Vintage Wakamoto Digestive Tablets

Sorting out a box of memorabilia produced a dusty bottle full of crumbled brown pills:

Vintage Wakamoto Digestive Tablets
Vintage Wakamoto Digestive Tablets

The English part of the label:

Indication: Adequate and optimal treatment for gastrointestinal disorders, malnutrition, neurasthenia, tuberculosis, bere-beri, etc. It improves the appetite and promotes health

Dose: 4-8 tablets[,] 3 times a day


My father spent several years on an all-expenses-paid trip to the South Pacific between 1943 and 1945. I have no idea what relation that bottle might have to his adventures, but the English text suggests it’s not a souvenir of those times.

Somewhat surprisingly, Wakamoto is still in business:

Strong Wakamoto Tablets - Amazon
Strong Wakamoto Tablets – Amazon

I’m sure it’s good for what ails you …

Outdoor Sign Wiring

A dentist’s office has been a-building for what seems entirely too long, but the outdoor sign finally went up. Being that type of guy, I had to take a closer look at how they wired up the LEDs:

Outdoor sign LED wiring
Outdoor sign LED wiring

That’s exactly as half-assed as it looks: unprotected PVC wires emerging from raw holes drilled into the backplate and burrowing into unsealed laser-cut acrylic loosely seated behind the white character boxes.

Everything you see is gonna be full of bugs in no time!

I’ve done similar botch jobs, but generally for my own use …

Vintage Acrylic Unwarping

Half a year ago, a stash of vintage acrylic sheets emerged from the Outer Darkness into the Shop Light:

Acrylic Stockpile
Acrylic Stockpile

That big yellowed sheet is 9 mm = 3/8 inch thick, with an inch of warp, entirely enough to keep it out of the laser cutter.

So I cleared some floor space and loaded the sheet with a collection of scrap steel sufficient to bend it the other way:

Acrylic sheet unwarping
Acrylic sheet unwarping

The main weight comes from a perfectly sized snippet of railroad rail, topped off with steel disks, angle iron, and a rugged scissors jack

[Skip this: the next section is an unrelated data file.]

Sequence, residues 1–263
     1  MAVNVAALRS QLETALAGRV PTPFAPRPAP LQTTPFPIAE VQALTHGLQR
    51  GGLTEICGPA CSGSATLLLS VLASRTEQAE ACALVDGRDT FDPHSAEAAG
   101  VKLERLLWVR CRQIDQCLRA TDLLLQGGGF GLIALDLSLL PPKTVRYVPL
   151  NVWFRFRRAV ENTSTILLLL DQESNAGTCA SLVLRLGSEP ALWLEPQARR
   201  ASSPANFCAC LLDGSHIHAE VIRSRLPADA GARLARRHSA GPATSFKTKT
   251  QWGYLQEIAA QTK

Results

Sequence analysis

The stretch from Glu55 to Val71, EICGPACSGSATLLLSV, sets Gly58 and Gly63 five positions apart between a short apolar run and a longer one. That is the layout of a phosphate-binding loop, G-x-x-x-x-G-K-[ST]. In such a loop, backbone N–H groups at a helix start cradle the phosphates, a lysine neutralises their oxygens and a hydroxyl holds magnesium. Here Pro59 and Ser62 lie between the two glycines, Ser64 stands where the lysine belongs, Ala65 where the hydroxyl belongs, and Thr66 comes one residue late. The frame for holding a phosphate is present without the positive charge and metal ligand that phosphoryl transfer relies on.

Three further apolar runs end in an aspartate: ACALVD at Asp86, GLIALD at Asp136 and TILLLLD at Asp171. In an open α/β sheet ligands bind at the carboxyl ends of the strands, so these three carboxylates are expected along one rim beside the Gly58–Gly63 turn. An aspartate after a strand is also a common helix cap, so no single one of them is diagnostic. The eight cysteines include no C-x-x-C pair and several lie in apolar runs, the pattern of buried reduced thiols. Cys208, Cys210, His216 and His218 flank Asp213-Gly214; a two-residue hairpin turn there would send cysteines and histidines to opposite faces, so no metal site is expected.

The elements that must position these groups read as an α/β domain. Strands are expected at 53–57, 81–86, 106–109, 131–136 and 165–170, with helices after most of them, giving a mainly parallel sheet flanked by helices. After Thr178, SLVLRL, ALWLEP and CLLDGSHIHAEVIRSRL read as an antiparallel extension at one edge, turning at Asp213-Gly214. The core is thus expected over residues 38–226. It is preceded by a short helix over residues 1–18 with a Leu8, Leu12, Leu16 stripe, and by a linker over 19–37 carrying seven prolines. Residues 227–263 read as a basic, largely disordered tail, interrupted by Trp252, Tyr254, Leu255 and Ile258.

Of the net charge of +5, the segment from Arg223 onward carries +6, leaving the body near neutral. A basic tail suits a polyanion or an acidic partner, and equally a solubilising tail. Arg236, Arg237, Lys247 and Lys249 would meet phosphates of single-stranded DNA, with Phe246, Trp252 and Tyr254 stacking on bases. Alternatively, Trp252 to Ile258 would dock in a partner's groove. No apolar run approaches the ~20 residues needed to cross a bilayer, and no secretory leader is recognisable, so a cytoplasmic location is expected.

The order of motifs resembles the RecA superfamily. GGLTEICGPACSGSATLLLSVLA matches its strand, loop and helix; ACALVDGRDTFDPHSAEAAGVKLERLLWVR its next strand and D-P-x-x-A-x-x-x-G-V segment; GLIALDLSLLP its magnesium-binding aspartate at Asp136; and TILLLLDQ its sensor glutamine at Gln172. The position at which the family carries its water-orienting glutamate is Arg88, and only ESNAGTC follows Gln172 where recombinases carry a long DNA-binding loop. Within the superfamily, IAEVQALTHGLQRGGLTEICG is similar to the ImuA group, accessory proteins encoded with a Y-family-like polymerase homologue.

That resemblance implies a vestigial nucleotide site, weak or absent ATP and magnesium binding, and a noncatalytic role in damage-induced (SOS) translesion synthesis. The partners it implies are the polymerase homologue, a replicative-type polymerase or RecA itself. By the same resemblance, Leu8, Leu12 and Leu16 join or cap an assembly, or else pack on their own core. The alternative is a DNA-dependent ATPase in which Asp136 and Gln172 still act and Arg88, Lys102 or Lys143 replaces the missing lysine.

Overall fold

The sheet didn’t touch the floor, so the weight kept stress on the plastic and it gradually flowed the other way:

Mostly unwarped acrylic sheet
Mostly unwarped acrylic sheet

The center remains 5 mm higher than the edges and, given that cold-flowing is at best an exponential process, I recently declared victory and added it to the stockpile. I’ll gnaw off small pieces for any given project, so the remaining warp won’t matter.

The rule of thumb says a CO₂ laser cutters needs 10 W per millimeter of acrylic, so my 60 W laser will be somewhat underpowered. Two or three passes should suffice and, for sure, nobody will kvetch about edge quality.

Squash Frog

Mary persuaded the squash vine to run along the top of the garden fence, where it would get good sun, stay out from underfoot, and produce what we call aerosquash:

Tree frog on squash - overview
Tree frog on squash – overview

That bright green spot is a misplaced tree frog:

Tree frog on squash - detail
Tree frog on squash – detail

Well, maybe it’s the same frog we’ve seen elsewhere; it’s hard to tell with tree frogs.

Not everything green is froglike, though:

Green stink bug on squash
Green stink bug on squash

That one got dealt with … harshly.

The Stone

Yeah, this is enough to knock your bike completely off course:

The Stone - A
The Stone – A

The black smudge matches a scuff on the right sidewall of the front tire. I think I hit it in that orientation and it pivoted clockwise while lifting the bike and shoving the tire to the left.

Another look from what was likely the right side of the shoulder:

The Stone - B
The Stone – B

I’ll give it a decent burial out back … and be glad our roles aren’t reversed!

Red Oaks Mill Eagle

We spotted a large bird on a walk to the Red Oaks Mill dam:

Red Oaks Mill Eagle - A
Red Oaks Mill Eagle – A

Despite the crappy image (Google Pixel 6a, digitally zoomed as tight as it’ll go), it’s a second-year juvenile Bald Eagle. It followed ahead of us along Rt 376, landing atop successive utility poles as we walked toward the intersection:

Red Oaks Mill Eagle - B
Red Oaks Mill Eagle – B

It sometimes perched on the (presumably) live primary wires, so a few kV of electric field doesn’t ruffle its feathers enough to worry about.

Its duties included keeping an eye on us down by the creek:

Red Oaks Mill Eagle - C
Red Oaks Mill Eagle – C

It eventually decided we needed no further supervision:

Red Oaks Mill Eagle - D
Red Oaks Mill Eagle – D

Earlier this year it swooped along our driveway and landed atop a utility pole in our yard, causing great concern among the songbirds and rodents.

Having an eagle in the neighborhood seems like a good sign …

Tree Frog Season

This year brings an abundance of tree frogs:

Tree frog - on dahlia stem
Tree frog – on dahlia stem

Despite the snappy green color, they’re Gray Treefrogs:

Tree frog - on patio step
Tree frog – on patio step

Their camouflage works better in the wild than atop a trash can lid:

Tree frog - on trash can lid
Tree frog – on trash can lid

They are much smaller than you’d expect from their voices in the night:

Tree frog - on trash can lid - thumb for scale
Tree frog – on trash can lid – thumb for scale

We think the drought brings them closer to the house in search of water, as Mary collects rainwater in the trash cans where the frogs easily walk up & down the inside surfaces.